It’s one of the most desired attributes for anyone riding a time trial, but one of the most uncomfortable things to achieve, holding and maintaining an aerodynamic position.  Here Josh Page of GMC Coaching gives his detailed input into the whole aero subject.

 

#justaskGMC:  Maintaining aero technique is notoriously uncomfortable.  Is there anything riders can do to help that?

 

This is an interesting question and quite a good one.  A lot of people believe that for Time Trailing aero is everything.  However, like everything else in cycling it’s a fine balance between comfort, power and aero.  Fortunately comfort and power fall in to the same category.  The most comfortable position for a cyclist is generally the most powerful, and the most powerful position is one where the muscles are under little to no stress and all line up naturally.

Power vs aerodynamics

 

A cyclist is in their most powerful position when bolt upright such as that reflected by a mountain biker’s position.  However since this is not very aerodynamic, and with the high speeds cyclists travel at, wind resistance comes in to play, so we need to lower the cyclist’s frontal area.  As we lower the frontal area of the cyclist we begin to put stress on the key muscles for cycling, Glutes, hamstrings, quads, hip flexors and all the fine postural muscles which include those up the rider’s spine, as these muscles are stretched or shortened by the cyclist adapting to a somewhat ‘unnatural’ position.  As this position gets lower and more compressed and into an aerodynamic tuck the ability for the muscles to work at full force and capacity becomes lower so the riders power output will decrease.

However, as the rider’s power decreases and they become more ‘aero’ they are rewarded by gaining a lower drag coefficient.  Think of this as the time trailer and flat lander equivalent of watts per kilo.  Climbers will measure the wattage they can produce for particular time periods by dividing it by their body weight.  Time trailers will measure their frontal area and surface area to work out how much wind resistance will affect them.  They will then balance this against the power they can produce in an aero position to find the most effective and powerful position for them, looking to gain as higher power output as possible with as low drag coefficient as possible.  This can only be measured in a wind tunnel, and is the reason why professionals will invest a lot of time and money in to wind tunnel testing where they trial various positions and equipment to see how it effects their drag and power output.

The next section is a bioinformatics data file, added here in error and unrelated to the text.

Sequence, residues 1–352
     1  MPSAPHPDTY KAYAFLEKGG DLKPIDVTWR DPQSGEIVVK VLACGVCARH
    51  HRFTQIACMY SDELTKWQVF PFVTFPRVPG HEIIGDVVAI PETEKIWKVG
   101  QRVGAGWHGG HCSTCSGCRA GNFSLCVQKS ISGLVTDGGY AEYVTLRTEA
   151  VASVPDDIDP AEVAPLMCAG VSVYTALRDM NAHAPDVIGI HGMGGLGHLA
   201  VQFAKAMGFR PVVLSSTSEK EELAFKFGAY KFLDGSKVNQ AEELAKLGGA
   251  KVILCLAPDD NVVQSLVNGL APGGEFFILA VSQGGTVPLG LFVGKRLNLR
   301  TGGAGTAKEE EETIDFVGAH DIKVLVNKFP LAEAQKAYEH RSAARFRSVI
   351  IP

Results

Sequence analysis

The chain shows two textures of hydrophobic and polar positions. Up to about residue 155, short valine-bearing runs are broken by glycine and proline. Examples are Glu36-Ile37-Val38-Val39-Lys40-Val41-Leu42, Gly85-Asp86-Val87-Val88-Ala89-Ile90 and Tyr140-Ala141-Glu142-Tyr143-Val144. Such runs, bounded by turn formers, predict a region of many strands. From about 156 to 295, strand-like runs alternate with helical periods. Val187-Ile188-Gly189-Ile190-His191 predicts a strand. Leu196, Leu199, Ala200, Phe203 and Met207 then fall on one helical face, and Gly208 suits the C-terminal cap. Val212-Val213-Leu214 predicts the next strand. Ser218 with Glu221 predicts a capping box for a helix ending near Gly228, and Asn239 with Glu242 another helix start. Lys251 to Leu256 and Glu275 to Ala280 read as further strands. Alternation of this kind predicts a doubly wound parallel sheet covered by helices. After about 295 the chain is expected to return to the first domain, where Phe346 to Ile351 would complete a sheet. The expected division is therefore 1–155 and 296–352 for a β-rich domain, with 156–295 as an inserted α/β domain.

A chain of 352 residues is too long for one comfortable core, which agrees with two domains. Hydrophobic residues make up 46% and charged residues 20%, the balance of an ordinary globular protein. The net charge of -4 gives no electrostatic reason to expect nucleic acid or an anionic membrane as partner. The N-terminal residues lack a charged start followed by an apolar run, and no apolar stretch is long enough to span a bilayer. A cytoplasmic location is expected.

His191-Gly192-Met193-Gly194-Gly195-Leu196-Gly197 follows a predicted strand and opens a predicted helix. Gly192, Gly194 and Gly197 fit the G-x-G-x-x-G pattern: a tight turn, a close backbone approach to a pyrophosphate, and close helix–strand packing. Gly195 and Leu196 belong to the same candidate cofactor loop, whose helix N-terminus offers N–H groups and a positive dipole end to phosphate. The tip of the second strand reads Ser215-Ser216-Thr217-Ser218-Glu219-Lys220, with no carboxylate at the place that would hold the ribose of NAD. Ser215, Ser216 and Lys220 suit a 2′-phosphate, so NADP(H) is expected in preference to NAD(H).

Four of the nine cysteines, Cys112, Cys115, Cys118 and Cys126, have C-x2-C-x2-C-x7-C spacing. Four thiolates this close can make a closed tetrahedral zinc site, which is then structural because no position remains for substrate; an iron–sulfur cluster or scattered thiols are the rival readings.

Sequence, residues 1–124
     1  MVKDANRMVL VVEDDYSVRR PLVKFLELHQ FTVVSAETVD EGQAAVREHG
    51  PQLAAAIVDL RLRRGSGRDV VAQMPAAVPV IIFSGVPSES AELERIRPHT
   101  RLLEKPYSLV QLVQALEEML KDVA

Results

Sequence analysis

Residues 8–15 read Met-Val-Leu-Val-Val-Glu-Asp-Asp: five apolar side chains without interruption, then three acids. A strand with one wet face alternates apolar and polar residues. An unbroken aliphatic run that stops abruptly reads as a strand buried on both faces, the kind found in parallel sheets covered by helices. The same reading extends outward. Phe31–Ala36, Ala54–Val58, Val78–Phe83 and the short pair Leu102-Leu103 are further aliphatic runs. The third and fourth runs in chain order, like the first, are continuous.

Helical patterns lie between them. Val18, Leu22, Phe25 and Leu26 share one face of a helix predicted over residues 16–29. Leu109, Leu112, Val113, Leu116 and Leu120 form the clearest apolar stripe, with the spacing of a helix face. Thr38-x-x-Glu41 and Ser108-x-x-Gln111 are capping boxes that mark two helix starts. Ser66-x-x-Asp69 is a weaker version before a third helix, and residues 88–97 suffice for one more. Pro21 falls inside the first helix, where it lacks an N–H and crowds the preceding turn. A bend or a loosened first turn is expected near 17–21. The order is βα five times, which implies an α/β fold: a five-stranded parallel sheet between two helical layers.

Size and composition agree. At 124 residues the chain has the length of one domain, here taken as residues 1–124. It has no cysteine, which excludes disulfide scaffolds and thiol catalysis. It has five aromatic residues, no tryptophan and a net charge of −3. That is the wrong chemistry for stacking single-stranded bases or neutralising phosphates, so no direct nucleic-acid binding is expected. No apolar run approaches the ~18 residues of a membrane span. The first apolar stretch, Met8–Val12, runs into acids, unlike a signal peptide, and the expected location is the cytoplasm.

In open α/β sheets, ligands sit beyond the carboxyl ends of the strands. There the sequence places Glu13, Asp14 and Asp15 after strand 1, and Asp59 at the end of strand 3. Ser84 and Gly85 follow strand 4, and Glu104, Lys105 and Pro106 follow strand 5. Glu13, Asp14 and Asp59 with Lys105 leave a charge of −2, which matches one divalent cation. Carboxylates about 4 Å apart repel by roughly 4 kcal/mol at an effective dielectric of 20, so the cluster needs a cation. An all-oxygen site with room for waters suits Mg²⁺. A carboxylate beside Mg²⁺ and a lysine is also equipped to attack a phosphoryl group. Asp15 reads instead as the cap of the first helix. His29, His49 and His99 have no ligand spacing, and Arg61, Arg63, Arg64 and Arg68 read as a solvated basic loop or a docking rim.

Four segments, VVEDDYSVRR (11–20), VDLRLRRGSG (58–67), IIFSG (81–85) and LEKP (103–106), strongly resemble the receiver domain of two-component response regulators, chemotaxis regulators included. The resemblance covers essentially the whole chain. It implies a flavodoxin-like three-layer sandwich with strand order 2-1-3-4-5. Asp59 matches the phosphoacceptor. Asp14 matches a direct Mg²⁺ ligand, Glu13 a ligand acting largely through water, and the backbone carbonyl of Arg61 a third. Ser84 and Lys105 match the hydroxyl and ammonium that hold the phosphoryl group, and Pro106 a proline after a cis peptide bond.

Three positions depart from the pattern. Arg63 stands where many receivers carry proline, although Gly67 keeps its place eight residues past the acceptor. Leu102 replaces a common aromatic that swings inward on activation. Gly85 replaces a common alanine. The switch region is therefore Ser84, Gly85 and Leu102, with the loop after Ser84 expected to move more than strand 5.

One position doesn’t suit all scenes

 

It is also important to realise that positional changes can have compounding effects.  Something that may be aero fast and powerful for a short period such as a prologue or a pursuit, may be drastically slow and un-powerful after 20-30+ minutes as the stress of being in that position has an adverse effect on the rider over time.  Likewise something which may be a tad slower in a short time trial may pay off down the line as you’re still feeling strong and comfortable after 20-30+ minutes of hard riding.

A great example of this is Tony Martin who famously changed his position to a more aerodynamic one over the winter, only to discover that this season he was a shade of the former force he has been over previous seasons.  After a disastrous time trial at the Olympics where he finished 3m18 down on Cancellara he decided to return to his previous position which he found more comfortable.  Martin was quoted as saying “Now, I feel much more comfortable again. One has to accept that the aerodynamics are not everything, but the comfort factor plays a very, very important role. If your body does not work well, then whole aerodynamics thing means nothing.”

Once you have found an aero position that gets the balance of comfort and aerodynamics, it is also important to work on your flexibility and also your core strength to enable you to better support that position and stay in it over the course of your race.  You also need to ensure you train a lot in that aero position to get used to it both physically and mentally.

If you own a power meter and you can’t afford your own wind tunnel testing session, you can do your own field testing by riding at a set wattage, ie try to hold 300w, on a flat stretch of road for 10-15 minutes.  Record your average speed and power as well as distance covered in the time frame for that stretch, make your adjustments to your position, then ride the exact same stretch of road holding the same power for the same time frame and see how the distance covered compares.  (You should also hold a sub threshold power that produces high speed but can be repeated multiple times).  Keep repeating this till you find a position that you are happy with, if your position is well balanced between aero and powerful you should travel further for the same power, and hopefully comfortably.  Once you have found your position you will need to test it under pressure by performing an all-out time trial, hopefully you have a week day TT series close by you can race to compare your new fast position against other riders.

 

Photo:  Eugene Bonthuys

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